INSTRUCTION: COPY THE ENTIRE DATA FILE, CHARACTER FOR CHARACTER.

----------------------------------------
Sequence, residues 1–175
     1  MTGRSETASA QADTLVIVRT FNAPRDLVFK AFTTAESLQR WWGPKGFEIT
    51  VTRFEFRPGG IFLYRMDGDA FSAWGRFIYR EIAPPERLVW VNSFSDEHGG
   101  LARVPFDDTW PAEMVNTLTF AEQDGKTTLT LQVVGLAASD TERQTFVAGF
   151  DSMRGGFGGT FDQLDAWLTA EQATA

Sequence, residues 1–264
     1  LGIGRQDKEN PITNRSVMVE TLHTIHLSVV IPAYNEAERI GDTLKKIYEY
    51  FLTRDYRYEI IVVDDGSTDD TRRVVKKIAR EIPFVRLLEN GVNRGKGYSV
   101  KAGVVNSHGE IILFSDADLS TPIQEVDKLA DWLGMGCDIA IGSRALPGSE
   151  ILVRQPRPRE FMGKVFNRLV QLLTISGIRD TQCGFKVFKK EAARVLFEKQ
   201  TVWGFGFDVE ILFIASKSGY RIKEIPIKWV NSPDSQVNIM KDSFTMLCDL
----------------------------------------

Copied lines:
Sequence, residues 1–175
     1  MTGRSETASA QADTLVIVRT FNAPRDLVFK AFTTAESLQR WWGPKGFEIT
    51  VTRFEFRPGG IFLYRMDGDA FSAWGRFIYR EIAPPERLVW VNSFSDEHGG
   101  LARVPFDDTW PAEMVNTLTF AEQDGKTTLT LQVVGLAASD TERQTFVAGF
   151  DSMRGGFGGT FDQLDAWLTA EQATA

Sequence, residues 1–264
     1  LGIGRQDKEN PITNRSVMVE TLHTIHLSVV IPAYNEAERI GDTLKKIYEY
    51  FLTRDYRYEI IVVDDGSTDD TRRVVKKIAR EIPFVRLLEN GVNRGKGYSV
   101  KAGVVNSHGE IILFSDADLS TPIQEVDKLA DWLGMGCDIA IGSRALPGSE
   151  ILVRQPRPRE FMGKVFNRLV QLLTISGIRD TQCGFKVFKK EAARVLFEKQ
   201  TVWGFGFDVE ILFIASKSGY RIKEIPIKWV NSPDSQVNIM KDSFTMLCDL